The nest box can be attached within the aviary or hung externally in the rear enclosed corridor/walkway.  An additional outer layer of  7 mm square wire mesh on the exterior walls and roof will minimize the risk of vermin such as mice, small rats, snakes or small feral birds entering the aviary.

Natural timber perches are best. The placing of natural leafy branches, such as eucalypts, in the aviary or cage will provide the birds with some beak exercise and entertainment.  The birds may consume the berries, fruits, nuts or fruiting bodies on the leafy branches.  The branches/perches should come in a variety of lengths and diameters.  Different species of plants have different bark textures, so providing a variety of different plants can allow these birds to experience different textures underfoot.

Vertical, horizontal and diagonal angled branches or perches should be offered.  The vertical and angled branches can have a more textured surface to allow the birds to get better grip and feel safer while they climb and play.  Branches can be a substitute for commercial bird ladders.  Placement of the branches in an aviary can form part of an aerial walkway and allow older or injured birds easier access to areas otherwise hard to get to.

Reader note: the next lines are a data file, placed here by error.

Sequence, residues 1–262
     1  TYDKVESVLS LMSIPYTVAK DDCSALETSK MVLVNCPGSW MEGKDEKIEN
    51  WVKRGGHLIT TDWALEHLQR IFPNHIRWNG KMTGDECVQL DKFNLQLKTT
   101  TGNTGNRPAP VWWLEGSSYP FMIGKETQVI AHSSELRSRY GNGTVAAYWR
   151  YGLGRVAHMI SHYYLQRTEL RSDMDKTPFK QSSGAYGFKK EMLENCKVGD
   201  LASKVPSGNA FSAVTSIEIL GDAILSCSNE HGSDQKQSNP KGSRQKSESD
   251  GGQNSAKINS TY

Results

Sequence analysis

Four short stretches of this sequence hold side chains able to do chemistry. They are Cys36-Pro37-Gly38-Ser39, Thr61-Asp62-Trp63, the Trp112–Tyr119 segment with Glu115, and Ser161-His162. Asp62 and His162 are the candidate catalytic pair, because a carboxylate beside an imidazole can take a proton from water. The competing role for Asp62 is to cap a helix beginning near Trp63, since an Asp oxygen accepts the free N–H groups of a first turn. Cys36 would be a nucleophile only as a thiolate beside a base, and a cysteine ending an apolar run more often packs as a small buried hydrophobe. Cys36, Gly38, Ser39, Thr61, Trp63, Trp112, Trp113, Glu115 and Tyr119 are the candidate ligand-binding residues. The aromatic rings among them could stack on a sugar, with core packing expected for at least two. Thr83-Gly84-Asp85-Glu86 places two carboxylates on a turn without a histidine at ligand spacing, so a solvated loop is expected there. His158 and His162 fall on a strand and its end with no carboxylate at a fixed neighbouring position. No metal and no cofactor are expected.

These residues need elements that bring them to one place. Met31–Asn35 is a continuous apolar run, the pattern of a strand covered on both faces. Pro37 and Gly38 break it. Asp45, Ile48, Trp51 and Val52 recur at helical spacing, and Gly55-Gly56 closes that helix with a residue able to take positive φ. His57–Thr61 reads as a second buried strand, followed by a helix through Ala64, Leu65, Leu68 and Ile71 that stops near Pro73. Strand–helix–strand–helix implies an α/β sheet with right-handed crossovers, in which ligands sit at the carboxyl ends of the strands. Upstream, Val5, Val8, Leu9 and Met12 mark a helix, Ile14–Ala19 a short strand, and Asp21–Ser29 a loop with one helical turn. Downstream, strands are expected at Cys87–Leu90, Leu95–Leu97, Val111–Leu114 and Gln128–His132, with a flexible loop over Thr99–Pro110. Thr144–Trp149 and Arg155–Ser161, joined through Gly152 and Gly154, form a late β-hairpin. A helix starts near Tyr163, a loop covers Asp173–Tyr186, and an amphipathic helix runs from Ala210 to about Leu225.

Rope toys are being manufactured suitable for placing in the aviary or bird cage.  If used in accordance with the manufacturers instructions, these items can provide hours of play and entertainment for parrots.

Bird Play toys and bird Play Gyms are now available at many retail bird dealers and these items can also provide hours of play and entertainment for parrots.